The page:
Why Are Bump Stock Devices Legal?
For over eight decades, federal law has strictly regulated the sale, manufacture, and possession of machine guns, which are fully automatic firearms that continue to fire bullets as long as the trigger is pressed and ammunition is available. This continuous fire feature makes machine guns particularly lethal if they are in the wrong hands.
Under existing federal law, a person may only transfer, acquire, or own a machine gun that was lawfully manufactured and owned prior to May 19, 1986. The transfer must also be approved by the Bureau of Alcohol, Tobacco, Firearms & Explosives (ATF) subject to a thorough background check, registration, and other requirements as outlined under the National Firearms Act. These restrictions have been highly effective and help explain why fully automatic machine guns are very rarely used in crimes or mass shooting attacks.
In recent years, however, the gun industry has marketed bump-stocks and similar devices, such as trigger cranks, that attach to a semi-automatic firearm and are designed to accelerate the weapon’s rate of fire to rates approaching automatic machine gun fire. These devices skirt the limits of federal law because federal restrictions on fully automatic “machine guns” only apply to weapons that automatically fire multiple rounds with “a single function of the trigger.” This determination is based on how the gun is fired, as opposed to the rate at which a gun is fired. Bump stocks and similar devices enable a shooter to repeatedly engage the firearm’s trigger with extreme speed, instead of firing multiple rounds with a single pull. As a result, they are legal and entirely unregulated at the federal level.
Bump-fire devices replace a rifle’s standard shoulder stock (the part of the weapon that is held against the shooter’s shoulder) with a stock that allows the weapon to slide (or “bump”) back and forth very rapidly between the shooter’s shoulder and trigger finger. By harnessing the weapon’s recoil, the bump stock causes the weapon’s trigger to be engaged many times faster than a human could otherwise fire.
Trigger cranks attach to a firearm’s trigger guard and similarly enable a shooter to fire a semi-automatic weapon very rapidly by simply rotating a crank that repeatedly engages the trigger much faster than a human could otherwise fire.
Most states restrict machine guns using the same statutory definitions as federal law. As a result, bump stocks and similar devices are legal and available for sale without any background check or sale record in nearly every state.
Firearms that fire ammunition more rapidly can be particularly lethal: in 1993, a shooter killed eight people and wounded six others at a law firm at 101 California Street in San Francisco by using a TEC DC-9 assault pistol equipped with a Hellfire trigger activator. This led to the establishment of the Law Center to Prevent Gun Violence, now Giffords Law Center.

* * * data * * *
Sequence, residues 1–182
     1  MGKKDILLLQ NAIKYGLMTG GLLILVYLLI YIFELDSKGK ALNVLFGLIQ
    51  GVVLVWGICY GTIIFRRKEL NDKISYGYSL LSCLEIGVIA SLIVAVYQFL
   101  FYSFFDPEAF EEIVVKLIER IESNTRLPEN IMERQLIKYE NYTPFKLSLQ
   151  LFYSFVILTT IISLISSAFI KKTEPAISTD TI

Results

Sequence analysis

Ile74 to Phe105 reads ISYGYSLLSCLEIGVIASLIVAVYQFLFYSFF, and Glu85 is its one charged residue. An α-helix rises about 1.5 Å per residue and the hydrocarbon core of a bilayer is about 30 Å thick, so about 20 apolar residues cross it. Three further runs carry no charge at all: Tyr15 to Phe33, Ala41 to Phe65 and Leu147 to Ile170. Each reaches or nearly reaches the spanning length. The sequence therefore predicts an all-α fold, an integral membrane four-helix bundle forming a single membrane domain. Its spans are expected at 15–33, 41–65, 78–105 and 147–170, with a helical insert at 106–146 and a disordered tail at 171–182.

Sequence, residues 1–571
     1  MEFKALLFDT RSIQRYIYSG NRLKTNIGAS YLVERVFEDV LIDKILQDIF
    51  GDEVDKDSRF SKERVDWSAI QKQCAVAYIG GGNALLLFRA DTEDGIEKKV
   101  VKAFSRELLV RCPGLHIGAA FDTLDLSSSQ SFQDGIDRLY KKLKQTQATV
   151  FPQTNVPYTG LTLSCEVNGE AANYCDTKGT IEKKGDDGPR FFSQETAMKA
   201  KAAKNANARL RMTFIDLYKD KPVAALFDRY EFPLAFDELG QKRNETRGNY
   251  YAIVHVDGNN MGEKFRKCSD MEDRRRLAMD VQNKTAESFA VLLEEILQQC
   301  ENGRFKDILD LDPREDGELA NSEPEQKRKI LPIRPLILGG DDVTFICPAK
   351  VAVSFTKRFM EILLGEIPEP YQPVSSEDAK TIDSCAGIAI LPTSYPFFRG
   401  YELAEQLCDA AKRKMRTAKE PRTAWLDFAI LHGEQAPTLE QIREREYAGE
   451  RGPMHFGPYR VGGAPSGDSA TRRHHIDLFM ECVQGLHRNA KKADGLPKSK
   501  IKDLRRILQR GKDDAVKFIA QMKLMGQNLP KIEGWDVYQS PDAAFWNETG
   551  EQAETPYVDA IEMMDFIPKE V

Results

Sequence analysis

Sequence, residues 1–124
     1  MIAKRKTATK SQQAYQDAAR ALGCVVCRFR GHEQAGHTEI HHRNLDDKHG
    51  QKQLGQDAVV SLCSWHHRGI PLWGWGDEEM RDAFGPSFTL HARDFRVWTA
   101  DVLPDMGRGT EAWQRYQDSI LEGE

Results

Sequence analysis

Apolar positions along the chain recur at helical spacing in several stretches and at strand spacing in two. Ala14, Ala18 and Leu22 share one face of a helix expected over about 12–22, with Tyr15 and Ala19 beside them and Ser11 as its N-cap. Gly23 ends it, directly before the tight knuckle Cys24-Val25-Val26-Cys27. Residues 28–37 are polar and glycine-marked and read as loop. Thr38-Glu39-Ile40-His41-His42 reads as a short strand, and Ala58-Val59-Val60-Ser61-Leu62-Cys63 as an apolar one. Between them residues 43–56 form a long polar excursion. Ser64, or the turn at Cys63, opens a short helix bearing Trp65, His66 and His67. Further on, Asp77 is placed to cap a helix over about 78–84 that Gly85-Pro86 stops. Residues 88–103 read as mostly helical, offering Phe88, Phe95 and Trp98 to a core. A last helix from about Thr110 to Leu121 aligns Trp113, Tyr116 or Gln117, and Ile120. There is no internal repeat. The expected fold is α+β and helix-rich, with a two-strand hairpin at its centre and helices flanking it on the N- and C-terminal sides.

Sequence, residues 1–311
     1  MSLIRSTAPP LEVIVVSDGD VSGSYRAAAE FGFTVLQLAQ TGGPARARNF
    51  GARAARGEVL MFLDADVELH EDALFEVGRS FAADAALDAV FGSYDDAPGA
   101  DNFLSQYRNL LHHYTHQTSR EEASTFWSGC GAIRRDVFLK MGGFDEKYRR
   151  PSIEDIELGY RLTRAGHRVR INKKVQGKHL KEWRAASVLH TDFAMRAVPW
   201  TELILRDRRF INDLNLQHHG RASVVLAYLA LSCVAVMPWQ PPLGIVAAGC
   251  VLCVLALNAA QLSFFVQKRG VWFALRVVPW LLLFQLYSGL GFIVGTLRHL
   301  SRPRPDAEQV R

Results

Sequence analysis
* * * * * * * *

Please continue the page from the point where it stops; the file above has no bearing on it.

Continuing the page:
Legislation to Protect Americans from Bump Stocks & Similar Devices
Lawmakers interested in acting to protect their communities from bump stock devices can look to other legislation that has been enacted or introduced at the state and federal level. For example:
California is one of the few states with a law against the sale, transfer, manufacture, and possession of bump stocks, trigger cranks, and similar devices. This 25-year old state law applies to “multiburst trigger activators,” which are defined to include either of the following:
- A device designed or redesigned to be attached to a semiautomatic firearm, which allows the firearm to discharge two or more shots in a burst by activating the device; [or]
- A manual or power-driven trigger activating device constructed and designed so that when attached to a semiautomatic firearm it increases the rate of fire of that firearm.
Massachusetts legislators acted in the wake of the Las Vegas massacre to enact legislation that specifically prohibits the sale, possession, and manufacture of bump stocks and trigger crank devices, which are defined as:
- Bump stock—Any device for a weapon that increases the rate of fire achievable with such weapon by using energy from the recoil of the weapon to generate a reciprocating action that facilitates repeated activation of the trigger.
- Trigger crank—Any device to be attached to a weapon that repeatedly activates the trigger of the weapon through the use of a lever or other part that is turned in a circular motion; provided, however, that “trigger crank” shall not include any weapon initially designed and manufactured to fire through the use of a crank or lever.
In 2013, US Senator Dianne Feinstein introduced federal legislation, which would have generally restricted “any part, combination of parts, component, device, attachment, or accessory that is designed or functions to accelerate the rate of fire of a semiautomatic rifle but not convert the semiautomatic rifle into a machine gun.”
The most effective legislation to address bump stocks and similar devices should apply to both firearm accessories and parts that significantly increase a semi-automatic firearm’s rate of fire beyond the standard rate of fire for a semi-automatic firearm.
Giffords is a nonprofit organization dedicated to saving lives from gun violence. Led by former Congresswoman Gabrielle Giffords and her husband, Navy combat veteran and retired NASA astronaut Captain Mark Kelly, Giffords inspires the courage of people from all walks of life to make America safer.
About SiX Action
SiX Action is an independent, nonpartisan 501(c)(4) strategy and advocacy organization that is committed to achieving progressive change at the state level, while defending against efforts to move our country backward. SiX Action works with our sister 501(c)(3) organization, the State Innovation Exchange (SiX), a national resource and strategy center. For more information, visit sixaction.org and stateinnovation.org.